This crash made national headlines, when an Amtrak train carrying Republican congressional members hit a refuse truck stopped on a crossing. The National Transportation Safety Board determined the driver was impaired from the combined effects of marijuana and gabapentin.
 - Photo courtesy NTSB

This crash made national headlines, when an Amtrak train carrying Republican congressional members hit a refuse truck stopped on a crossing. The National Transportation Safety Board determined the driver was impaired from the combined effects of marijuana and gabapentin.

Photo courtesy NTSB

A safety-focused group of trucking and logistics companies has released the results of what it calls a first-of-its-kind study showing “compelling evidence that thousands of habitual drug users are skirting a system designed to prohibit drug use in transportation.”

The Alliance for Driver Safety & Security, commonly known as the Trucking Alliance, contended in testimony to Congress that “the trucking industry has no greater safety issue, than to aggressively address illegal drug use among commercial truck drivers.”

Trucking Under the Influence, Part 1: Truckers, Drugs, and Safety

During a June 12 hearing held by the U.S. House of Representatives Committee on Transportation and Infrastructure's Sub-Committee on Highways and Transit on “The State of Trucking in America,” the Trucking Alliance presented the results of a study comparing urinalysis testing and hair-testing results for pre-employment testing of truck drivers.

It found the urinalysis missed 9 out of 10 illicit drug users.

Trucker Drug-Testing

The Omnibus Transportation Employee Testing Act of 1991 requires drug and alcohol testing of “safety-sensitive” transportation workers, including truck drivers.

The U.S. Department of Transportation administers the law, using drug-test guidelines approved by the Department of Health and Human Services. DOT currently recognizes one drug test method – a urinalysis. But it allows employers to require additional drug-test methods as part of the employer’s hiring practices.

A growing number of trucking company employers, including Trucking Alliance carriers, require a second drug test, a hair analysis, as part of their pre-employment truck driver hiring policies.

The Alliance survey data compared the pre-employment drug test results of 151,662 truck driver applicants, who were asked to submit to two drug tests – a urinalysis and a hair analysis. Almost all applicants held an active commercial driver's license. Ninety-four percent (94%) of the truck driver applicants tested drug-free.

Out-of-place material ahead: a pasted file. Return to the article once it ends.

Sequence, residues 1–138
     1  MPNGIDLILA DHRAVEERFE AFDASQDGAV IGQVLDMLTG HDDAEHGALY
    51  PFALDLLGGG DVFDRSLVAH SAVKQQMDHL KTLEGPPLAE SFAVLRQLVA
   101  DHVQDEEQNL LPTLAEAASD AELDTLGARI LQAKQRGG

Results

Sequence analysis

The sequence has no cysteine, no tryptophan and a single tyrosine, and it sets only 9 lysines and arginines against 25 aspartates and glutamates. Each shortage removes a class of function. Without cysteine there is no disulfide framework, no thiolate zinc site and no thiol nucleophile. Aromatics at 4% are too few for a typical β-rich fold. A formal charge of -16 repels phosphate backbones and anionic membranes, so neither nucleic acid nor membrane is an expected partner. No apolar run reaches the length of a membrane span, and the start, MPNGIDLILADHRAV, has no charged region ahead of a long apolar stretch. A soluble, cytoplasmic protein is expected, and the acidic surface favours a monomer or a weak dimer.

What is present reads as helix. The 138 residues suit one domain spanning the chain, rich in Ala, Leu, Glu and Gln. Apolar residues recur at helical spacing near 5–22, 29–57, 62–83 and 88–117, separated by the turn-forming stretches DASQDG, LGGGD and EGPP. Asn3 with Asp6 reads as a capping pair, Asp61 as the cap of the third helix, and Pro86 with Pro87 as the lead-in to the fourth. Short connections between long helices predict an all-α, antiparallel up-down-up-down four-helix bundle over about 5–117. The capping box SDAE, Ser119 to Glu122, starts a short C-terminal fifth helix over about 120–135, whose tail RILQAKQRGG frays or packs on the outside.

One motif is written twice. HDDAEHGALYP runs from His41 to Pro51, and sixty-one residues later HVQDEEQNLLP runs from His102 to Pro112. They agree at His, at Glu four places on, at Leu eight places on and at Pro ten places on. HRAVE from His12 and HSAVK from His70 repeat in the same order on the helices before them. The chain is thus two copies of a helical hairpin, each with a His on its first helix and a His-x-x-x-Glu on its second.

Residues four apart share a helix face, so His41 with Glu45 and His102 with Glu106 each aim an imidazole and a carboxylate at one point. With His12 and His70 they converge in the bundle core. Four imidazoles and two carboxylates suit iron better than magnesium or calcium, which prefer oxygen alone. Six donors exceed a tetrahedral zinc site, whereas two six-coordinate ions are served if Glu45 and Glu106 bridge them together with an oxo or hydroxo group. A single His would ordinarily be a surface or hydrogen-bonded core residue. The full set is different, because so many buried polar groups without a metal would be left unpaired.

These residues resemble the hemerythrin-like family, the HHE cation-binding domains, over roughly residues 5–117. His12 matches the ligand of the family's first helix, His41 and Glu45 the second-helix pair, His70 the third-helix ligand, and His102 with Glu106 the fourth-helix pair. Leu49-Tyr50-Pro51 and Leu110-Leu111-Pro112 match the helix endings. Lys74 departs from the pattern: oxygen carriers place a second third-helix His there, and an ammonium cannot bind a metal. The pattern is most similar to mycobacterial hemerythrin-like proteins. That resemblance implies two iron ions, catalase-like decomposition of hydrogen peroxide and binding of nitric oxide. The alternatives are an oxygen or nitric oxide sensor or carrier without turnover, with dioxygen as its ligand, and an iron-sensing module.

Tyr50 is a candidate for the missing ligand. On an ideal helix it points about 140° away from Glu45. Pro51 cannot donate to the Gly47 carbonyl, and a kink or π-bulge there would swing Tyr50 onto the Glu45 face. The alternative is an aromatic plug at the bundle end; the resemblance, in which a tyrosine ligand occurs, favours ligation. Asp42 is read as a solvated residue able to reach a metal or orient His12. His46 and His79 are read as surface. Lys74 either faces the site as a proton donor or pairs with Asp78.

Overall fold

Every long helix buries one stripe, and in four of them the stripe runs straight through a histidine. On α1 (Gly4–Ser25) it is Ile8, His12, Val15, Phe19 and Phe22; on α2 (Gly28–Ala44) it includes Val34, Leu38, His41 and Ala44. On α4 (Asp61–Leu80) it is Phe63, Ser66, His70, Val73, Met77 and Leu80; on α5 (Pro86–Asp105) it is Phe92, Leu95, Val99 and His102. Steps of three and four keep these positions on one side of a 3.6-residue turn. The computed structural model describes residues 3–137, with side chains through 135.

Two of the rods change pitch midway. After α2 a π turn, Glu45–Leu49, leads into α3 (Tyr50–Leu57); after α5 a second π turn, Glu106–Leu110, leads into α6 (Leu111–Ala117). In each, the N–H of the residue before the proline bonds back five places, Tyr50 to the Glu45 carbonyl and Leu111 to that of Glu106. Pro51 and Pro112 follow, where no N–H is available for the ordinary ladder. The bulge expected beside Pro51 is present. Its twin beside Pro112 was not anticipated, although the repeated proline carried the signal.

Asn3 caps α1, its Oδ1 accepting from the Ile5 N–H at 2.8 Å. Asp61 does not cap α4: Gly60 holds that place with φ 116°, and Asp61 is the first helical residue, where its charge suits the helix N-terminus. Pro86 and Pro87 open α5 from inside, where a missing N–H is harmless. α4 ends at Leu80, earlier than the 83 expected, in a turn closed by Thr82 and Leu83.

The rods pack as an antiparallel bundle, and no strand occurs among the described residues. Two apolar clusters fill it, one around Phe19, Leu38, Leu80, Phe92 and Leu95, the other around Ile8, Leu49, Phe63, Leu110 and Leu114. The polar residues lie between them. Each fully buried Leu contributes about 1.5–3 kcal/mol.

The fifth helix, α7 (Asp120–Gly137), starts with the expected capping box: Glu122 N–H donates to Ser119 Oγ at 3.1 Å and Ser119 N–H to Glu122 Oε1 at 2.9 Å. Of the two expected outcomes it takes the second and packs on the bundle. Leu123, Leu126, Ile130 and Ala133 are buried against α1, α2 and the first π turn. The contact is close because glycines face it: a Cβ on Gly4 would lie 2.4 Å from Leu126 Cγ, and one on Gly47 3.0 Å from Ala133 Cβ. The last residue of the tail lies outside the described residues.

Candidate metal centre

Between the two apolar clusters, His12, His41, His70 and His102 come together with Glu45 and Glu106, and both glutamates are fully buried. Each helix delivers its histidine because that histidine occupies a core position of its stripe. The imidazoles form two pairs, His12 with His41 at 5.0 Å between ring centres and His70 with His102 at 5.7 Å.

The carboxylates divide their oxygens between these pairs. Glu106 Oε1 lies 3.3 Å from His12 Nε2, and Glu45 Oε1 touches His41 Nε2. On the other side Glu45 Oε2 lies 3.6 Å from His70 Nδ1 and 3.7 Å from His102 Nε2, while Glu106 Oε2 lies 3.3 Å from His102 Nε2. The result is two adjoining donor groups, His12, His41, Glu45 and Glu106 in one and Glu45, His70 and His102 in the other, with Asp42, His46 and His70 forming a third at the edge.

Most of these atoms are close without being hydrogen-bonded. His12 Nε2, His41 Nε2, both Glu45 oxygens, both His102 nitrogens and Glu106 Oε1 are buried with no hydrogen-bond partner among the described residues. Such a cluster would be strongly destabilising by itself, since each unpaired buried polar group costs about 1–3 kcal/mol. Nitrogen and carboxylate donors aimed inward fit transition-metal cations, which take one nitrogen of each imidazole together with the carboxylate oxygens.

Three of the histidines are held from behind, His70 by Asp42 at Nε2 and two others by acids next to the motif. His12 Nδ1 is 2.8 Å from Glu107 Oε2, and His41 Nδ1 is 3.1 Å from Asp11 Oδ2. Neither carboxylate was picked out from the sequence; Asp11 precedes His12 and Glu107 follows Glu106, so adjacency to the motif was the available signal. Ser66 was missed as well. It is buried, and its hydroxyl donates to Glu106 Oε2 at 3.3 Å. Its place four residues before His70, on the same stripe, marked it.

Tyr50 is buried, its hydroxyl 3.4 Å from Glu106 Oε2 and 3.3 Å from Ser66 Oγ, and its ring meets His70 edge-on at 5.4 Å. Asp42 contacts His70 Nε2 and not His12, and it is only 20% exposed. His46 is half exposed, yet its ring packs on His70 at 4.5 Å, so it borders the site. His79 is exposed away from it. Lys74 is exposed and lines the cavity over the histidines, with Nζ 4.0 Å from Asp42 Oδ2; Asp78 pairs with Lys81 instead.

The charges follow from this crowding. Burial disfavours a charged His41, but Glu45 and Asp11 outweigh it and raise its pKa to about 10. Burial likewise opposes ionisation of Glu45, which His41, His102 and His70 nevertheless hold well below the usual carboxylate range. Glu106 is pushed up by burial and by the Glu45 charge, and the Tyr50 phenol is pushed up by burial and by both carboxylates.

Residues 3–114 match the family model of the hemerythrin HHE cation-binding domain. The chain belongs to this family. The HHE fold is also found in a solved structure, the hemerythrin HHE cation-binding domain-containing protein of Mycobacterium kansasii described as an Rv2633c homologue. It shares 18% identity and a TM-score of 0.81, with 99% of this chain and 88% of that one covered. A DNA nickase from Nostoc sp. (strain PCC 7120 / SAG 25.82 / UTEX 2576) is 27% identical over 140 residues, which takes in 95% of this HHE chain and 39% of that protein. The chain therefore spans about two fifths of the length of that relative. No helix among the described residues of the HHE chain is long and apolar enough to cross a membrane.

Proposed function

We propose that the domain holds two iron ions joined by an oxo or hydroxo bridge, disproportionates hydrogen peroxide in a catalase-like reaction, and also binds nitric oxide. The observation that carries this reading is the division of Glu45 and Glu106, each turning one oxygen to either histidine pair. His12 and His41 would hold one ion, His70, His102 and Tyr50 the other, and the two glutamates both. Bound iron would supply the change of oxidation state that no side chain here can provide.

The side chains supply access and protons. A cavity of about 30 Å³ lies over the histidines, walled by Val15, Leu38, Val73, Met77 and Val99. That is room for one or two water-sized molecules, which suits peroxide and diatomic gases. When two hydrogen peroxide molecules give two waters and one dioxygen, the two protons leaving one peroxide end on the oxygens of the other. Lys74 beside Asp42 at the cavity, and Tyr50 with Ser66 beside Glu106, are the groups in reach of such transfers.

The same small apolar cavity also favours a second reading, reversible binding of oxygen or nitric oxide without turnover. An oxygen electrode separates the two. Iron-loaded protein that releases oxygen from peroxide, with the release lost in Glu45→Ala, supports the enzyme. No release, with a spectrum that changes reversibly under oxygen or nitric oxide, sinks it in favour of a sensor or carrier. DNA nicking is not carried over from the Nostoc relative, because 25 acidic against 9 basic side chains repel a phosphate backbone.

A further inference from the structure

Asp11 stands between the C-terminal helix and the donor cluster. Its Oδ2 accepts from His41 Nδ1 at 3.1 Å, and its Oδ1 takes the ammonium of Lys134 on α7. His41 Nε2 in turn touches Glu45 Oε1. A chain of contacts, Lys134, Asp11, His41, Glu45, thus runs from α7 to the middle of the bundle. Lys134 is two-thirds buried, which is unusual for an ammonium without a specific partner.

However, thousands of applicants failed either or both drug tests.

The Alliance reported that the urinalysis, the only method recognized by DOT and relied on by almost all trucking company employers, failed to identify most drug users. The urinalysis detected drugs in 949 applicants, about 1% of the population. However, 8.6%, or 8,878 truck driver applicants, either failed or refused the hair test.

“Put another way, the urinalysis missed 9 out of 10 actual illicit drug users,” said the Alliance.

The most prevalent drug was cocaine, followed by opioids and marijuana.

“Applicants who failed or refused the hair test were disqualified for employment at these companies, but likely obtained the same job elsewhere, at companies that administer only a urinalysis," said the Alliance, meaning “thousands of drug abusers are obtaining jobs as truck drivers, despite their drug use."

Congress Asked to Act on Driver Drug Use

The Alliance testified that the results represent a statistically valid sample. According to the American Trucking Associations, there are 3.5 million commercial truck drivers. The survey can project with a 99% confidence level, and a margin of error of <1%, that 301,000 commercial truck drivers would fail or refuse a hair analysis today, for illegal drug use, according to the group.

“Drug use in the trucking industry is a public safety crisis,” said the Alliance in its testimony. “This survey can project as many as 301,000 commercial drivers would fail or refuse a hair test. These illicit drug users must be identified and taken out of commercial trucks and off the nation’s highways.”

The Alliance asked Congress to urge HHS to complete hair test guidelines that are currently under development, so DOT can quickly recognize hair-testing for DOT pre-employment and random drug test protocols.

The group also pointed out that until DOT recognizes hair-analysis testing, no employer will be allowed to submit hair-test failures into the pending Drug and Alcohol Clearinghouse. The clearinghouse is intended to allow employers to know if a person applying for a truck driver job has previously failed a drug test, but without hair-testing results being included, it will miss the drivers who were able to pass a urinalysis but failed the hair test.

Originally posted on Trucking Info

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